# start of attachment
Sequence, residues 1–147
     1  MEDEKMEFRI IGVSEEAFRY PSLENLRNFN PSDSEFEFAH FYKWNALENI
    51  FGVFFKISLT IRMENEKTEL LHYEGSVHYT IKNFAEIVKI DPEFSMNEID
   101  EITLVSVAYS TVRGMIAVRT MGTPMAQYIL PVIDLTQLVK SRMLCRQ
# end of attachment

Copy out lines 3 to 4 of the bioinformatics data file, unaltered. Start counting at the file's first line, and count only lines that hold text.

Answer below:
    51  FGVFFKISLT IRMENEKTEL LHYEGSVHYT IKNFAEIVKI DPEFSMNEID
   101  EITLVSVAYS TVRGMIAVRT MGTPMAQYIL PVIDLTQLVK SRMLCRQ